SFI patent drawing"A thermal energy storage facility for use in heat storage and heat release comprises a heat storage/release mechanism constituted by multiple heat storage/heat exchange units stacked up, each unit at least comprises a heat storage board having parallel grooves for loading phase-change material (PCM) therein and a heat exchange plate having micro-channel groups for heat transfer fluid (HTF) flowed through to exchange heat with the PCM; particularly two or more the thermal energy storage facilities can be worked together by combination in series or/and in parallel to input of thermal energy, absorption of thermal energy and both simultaneously from the PCM, and the thermal energy storage facility capably operating at a heat storage temperature higher than 1200° C. is suited for use in solar thermal power generation system to improve overall efficiency of solar thermal power to reach 35-40%."

http://www.freepatentsonline.com/20170030656.pdf

PCM briefing: Long-haul cyclists reach Myanmar; papers sought for symposium on waste heat

Ben Welter - Friday, January 27, 2017

Riccardo Rocchi and Chiara RicciardiRiccardo Rocchi and Chiara Ricciardi,  the Italian couple who began an 18,000-kilometer bike ride in June to raise awareness about diabetes, have reached Myanmar. Ricciardi has type 1 diabetes and needs a daily dose of insulin. She is using Pelican BioThermal's Credo ProMed pack to keep insulin at the right temperature. The pair topped the 10,000-kilometer mark this week. They've pedaled across 16 countries, averaging 44 km per day. "We just realized that maybe we forgot to make a postcard from Nepal," the pair said in a Facebook post from Myanmar. "We might consider to cycle back to do it." Their final destination is Singapore.

• Organizers of a one-day symposium at Brunei University on the efficient use of waste heat have issued a call for abstracts. The symposium, "Heat Recovery and Efficient Conversion and Utilisation of Waste Heat," will be held April 20, 2017. Abstracts must be submitted by Jan. 31.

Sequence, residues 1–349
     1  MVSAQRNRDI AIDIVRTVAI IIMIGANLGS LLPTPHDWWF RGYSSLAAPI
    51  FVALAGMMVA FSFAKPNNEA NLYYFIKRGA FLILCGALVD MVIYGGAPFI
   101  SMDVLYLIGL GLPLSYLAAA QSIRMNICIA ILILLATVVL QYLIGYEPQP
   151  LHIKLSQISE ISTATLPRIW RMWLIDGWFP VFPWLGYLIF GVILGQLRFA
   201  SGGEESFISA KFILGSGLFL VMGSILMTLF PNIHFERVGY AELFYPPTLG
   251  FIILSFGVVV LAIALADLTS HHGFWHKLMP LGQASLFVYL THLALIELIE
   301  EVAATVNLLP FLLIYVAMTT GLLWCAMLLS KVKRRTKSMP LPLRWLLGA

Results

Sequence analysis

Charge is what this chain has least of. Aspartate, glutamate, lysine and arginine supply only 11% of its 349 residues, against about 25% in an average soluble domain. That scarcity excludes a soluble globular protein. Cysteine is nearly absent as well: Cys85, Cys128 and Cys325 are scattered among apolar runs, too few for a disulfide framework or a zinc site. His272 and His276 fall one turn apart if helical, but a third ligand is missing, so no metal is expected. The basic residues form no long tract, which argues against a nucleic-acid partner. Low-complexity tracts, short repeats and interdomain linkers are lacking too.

Pelican BioThermal has completed a $1.65 million expansion of the manufacturing facilities at its U.S. headquarters in Plymouth, Minn. The company now has 70,000 square feet of manufacturing space in the Minneapolis suburb, up from 54,000 square feet. The expansion will support production of single-use temperature-controlled shippers in the United States.

Weise's Outlast Houston motorcycle jacket• New from Weise Motorcycle Clothing: The Outlast Houston, a fully armored waterproof jacket with a removable lining that features Outlast phase change material to regulate temperature. 

Serta is touting “breakthrough cooling technology” in the new version of its iComfort memory foam mattresses. Phase change material is embedded in the fabric and on the surface of the gel memory foam.

• The United Kingdom plans to spend £28 million ($35 million) on reducing the cost of energy storage, advancing demand side response technologies and improving energy efficiency measures for industry. Up to one-third of the money will be spent on a competition to reduce the cost of energy storage, including thermal storage.

• The EU-funded Heat4Cool research project is developing a novel retrofit planning tool to help retrofit companies, architects, manufacturers, building administrators and residents weigh the potential benefits of three main technologies: gas and solar thermally driven adsorption heat pumps; PV-assisted DC-powered heat pumps connected to advanced modular PCM heat and cold storage systems; and energy recovery from sewage water with high performance heat exchangers. You are invited to help in this effort by completing a five-minute survey online.

• A Florida startup is calling its PCM-infused TempPro fabric “a gamechanger for luxury lingerie.” Giapenta, which launched a Kickstarter campaign this week, uses the temperature-regulating fabric in its line of bras, panties and sleep masks. The campaign has already met its modest target of raising $25,000. I've contacted the company and hope to have technical details on TempPro in time for next week's newsletter..

Colorado's first certified passive house 'has gone well past expectations'

Ben Welter - Wednesday, January 04, 2017

Colorado's first certified International Passive House is nestled in the foothills of the Rocky Mountains north of Denver. The 1,200-square-foot MARTaK house, designed by architect and author Andrew Michler, is used primarily as an off-the-grid workspace. The structure has now been occupied continuously for six months. Has it met Michler's energy expectations?

MARTaK passive house photo by Andrew Michler"Yes," Michler says, "it's gone well past my expectations. ... We haven't turned on the heating system this year." 

A solar array shared with a neighboring home provides all electrical power and most of the heating, with a propane-powered hydronic system serving as backup. Passive House Planning Package software was used to find the most efficient mix of insulation, windows and shading. Natural, nontoxic and recycled materials are used throughout the house. 

Biobased phase change material with a melt point of 23º C is used to help even out temperature spikes. The PCM is contained in 500 square feet of ENRG Blankets made by Phase Change Energy Solutions. Most of the material is installed a south-facing interior wall. 

Is it possible to measure the PCM's impact on overall performance?

"That's the question that I haven't found anybody able to answer," Michler says. "It's more about experiential. It's hard to isolate the PCM performance. There's no good modeling software for this. ...